(constant-time compare 1000 [& args]
                                                                                                             (apply = args))
                                                                                                          

                                                                                                          I think that decoupling concerns and creating composable building blocks is key to having reusable code. You end up with lots of Lego blocks that you can put together in different ways to solve problems.

                                                                                                          1. 6

                                                                                                            To me that smells like a brittle hack. On one hand you might end up overestimating the time it will take, thus being slower than necessary, or you could underestimate it, which means you’d still have the vulnerability.

                                                                                                            Also, if the process or system load can be observed at a high enough granularity, it might be easy to distinguish between the time it spends actually comparing and sleeping.

                                                                                                            1. 1

                                                                                                              I specifically noted that this is a naive example. This is my whole point though, you don’t know what the specific requirements might be for a particular situation. A library that deals with string manipulation should not be making any assumptions about timing. It’s much better to have a separate library that deals with providing constant timing and wrapping the string manipulation code using it.

                                                                                                              1. 6

                                                                                                                Except in this case constant time is much more restrictive than wall-clock time. It’s actually important to touch the same number of bits and cache lines – you truly can’t do that by just adding another layer on top; it needs to be integral.

                                                                                                                1. 1

                                                                                                                  In an extreme case like this I have to agree. However, I don’t think this is representative of the general case. Majority of the time it is possible to split up concerns, and you should do that if you’re able.

                                                                                                                  1. 5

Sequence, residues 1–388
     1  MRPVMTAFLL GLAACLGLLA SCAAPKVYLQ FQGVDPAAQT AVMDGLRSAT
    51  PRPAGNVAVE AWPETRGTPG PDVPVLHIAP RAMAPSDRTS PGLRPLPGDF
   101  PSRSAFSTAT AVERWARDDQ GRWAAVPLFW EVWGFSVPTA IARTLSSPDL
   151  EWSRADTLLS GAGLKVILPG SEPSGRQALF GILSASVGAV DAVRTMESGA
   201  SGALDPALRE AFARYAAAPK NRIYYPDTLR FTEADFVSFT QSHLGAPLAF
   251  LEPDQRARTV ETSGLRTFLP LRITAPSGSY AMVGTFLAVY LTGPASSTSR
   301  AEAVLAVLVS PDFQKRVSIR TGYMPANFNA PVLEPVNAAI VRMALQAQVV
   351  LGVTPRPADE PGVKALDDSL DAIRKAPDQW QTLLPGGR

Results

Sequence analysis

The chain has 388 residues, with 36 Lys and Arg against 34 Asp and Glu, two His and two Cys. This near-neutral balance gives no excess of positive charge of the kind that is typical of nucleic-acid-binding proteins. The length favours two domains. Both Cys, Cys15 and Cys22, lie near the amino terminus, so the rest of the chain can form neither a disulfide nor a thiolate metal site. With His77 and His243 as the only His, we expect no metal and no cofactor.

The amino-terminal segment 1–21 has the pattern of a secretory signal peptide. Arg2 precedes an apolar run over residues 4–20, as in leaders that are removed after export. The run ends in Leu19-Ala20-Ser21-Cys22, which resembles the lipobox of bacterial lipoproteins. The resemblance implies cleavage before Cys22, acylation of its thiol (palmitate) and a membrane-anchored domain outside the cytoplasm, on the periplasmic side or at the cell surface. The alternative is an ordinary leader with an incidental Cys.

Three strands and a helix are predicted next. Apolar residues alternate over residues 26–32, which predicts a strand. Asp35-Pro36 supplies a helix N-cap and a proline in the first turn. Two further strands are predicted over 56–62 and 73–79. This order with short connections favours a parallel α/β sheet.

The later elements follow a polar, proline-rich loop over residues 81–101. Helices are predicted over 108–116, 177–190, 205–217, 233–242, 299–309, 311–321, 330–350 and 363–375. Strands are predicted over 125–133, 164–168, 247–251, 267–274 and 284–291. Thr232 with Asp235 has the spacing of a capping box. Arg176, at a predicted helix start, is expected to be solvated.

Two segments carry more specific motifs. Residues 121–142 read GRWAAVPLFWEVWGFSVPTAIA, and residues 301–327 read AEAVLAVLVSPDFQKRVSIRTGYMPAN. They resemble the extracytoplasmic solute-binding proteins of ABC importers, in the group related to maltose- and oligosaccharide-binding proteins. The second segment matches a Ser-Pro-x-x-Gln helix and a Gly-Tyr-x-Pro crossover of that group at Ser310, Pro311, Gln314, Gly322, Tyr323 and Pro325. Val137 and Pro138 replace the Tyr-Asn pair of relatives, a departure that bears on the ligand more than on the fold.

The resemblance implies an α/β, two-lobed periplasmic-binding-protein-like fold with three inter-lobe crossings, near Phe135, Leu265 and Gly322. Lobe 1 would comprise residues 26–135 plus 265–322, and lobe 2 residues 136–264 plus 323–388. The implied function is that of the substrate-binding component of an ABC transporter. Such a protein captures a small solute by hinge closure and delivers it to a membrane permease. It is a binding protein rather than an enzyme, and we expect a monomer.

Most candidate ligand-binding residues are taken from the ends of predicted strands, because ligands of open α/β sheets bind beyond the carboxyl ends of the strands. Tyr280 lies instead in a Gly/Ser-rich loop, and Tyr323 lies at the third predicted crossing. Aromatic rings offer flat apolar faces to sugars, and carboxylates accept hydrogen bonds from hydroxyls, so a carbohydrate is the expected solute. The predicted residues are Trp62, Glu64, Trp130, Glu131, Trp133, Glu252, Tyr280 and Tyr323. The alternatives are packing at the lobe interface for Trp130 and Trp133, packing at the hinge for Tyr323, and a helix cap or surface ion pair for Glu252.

But that’s the thing. The temptation of having full generality “just around the corner” is exactly the kind of lure that draws people in (“just one more flag, we’re really almost there!”) and causes them to end up with a total mess on their hands. And this was just using a trivial text-book example you could give any freshman!

                                                                                                                    I have a hunch that this is also the same thing that makes ORMs so alluring. Everybody thinks they can beat the impedence mismatch, but in truth nobody can.

                                                                                                                    I guess the only way to truly drive this home is when you implement some frameworks yourself and hit your head against the wall a few times when you truly need to stretch the limitations of the given framework you wrote.

                                                                                                                    1. 2

                                                                                                                      My whole argument is that you shouldn’t make things in monolithic fashion though. Instead of doing the one more flag thing, separate concerns where possible and create composable components.

                                                                                                                      Incidentally, that’s pretty much how entire Clojure ecosystem works. Everything is based around small focused libraries that solve a specific problem. I also happen to maintain a micro-framwork for Clojure. The approach I take there is to make wiring explicit and let the user manage it the way that makes sense for their project.

                                                                                                                      1. 3